Professor Cheryl Bader was quoted in an Associated Press article that examines how the will that Jeffrey Epstein signed two days before his death could make it harder for his accusers to collect damages.
By putting his fortune in a trust, he shrouded from public view the identities of the beneficiaries, whether they be individuals, organizations or other entities. For the women trying to collect from his estate, the first order of business will be persuading a judge to pierce that veil and release the details.
From there, the women will have to follow the course they would have had to pursue even if Epstein had not created a trust: convince the judge that they are entitled to compensation as victims of sex crimes. The judge would have to decide how much they should get and whether to reduce the amounts given to Epstein’s named beneficiaries, who would also be given their say in court.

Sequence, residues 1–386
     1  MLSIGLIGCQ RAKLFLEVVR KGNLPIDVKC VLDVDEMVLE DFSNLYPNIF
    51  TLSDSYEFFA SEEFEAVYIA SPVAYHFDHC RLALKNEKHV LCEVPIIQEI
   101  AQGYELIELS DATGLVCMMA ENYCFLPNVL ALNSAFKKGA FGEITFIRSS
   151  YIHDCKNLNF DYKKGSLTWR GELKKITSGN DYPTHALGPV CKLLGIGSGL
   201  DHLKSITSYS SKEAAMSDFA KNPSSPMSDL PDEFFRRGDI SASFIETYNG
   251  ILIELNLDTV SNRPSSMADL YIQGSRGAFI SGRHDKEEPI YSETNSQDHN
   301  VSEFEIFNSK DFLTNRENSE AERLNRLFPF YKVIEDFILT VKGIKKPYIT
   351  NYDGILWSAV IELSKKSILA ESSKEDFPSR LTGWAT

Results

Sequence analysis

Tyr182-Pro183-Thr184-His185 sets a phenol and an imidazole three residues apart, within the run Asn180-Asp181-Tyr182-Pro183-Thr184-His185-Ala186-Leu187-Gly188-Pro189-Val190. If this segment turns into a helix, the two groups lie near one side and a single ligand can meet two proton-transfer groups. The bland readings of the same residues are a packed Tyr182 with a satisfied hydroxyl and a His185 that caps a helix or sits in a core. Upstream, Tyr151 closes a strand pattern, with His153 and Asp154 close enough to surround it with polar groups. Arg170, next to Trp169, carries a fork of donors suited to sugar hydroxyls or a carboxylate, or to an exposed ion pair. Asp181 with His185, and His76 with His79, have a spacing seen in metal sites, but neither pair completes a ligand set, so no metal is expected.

One other possibility is that the U.S. government will seek civil forfeiture of Epstein’s properties or other assets on the grounds that they were used for criminal purposes. Government lawyers would have to produce strong evidence of that at a trial-like proceeding.
If they prevailed, they would be able to seize the properties, sell them and distribute the proceeds to victims.
“The fact that there is a will should not stop them,” said Cheryl Bader, a professor at the Fordham University School of Law.
Additional media coverage on this topic:
Epstein’s Will Includes Massive Trust Fund, Could Stall Accusers From Collecting Damages
Jeffrey Epstein’s Newly Created Will Could Take Years to Open and Pay Out Damages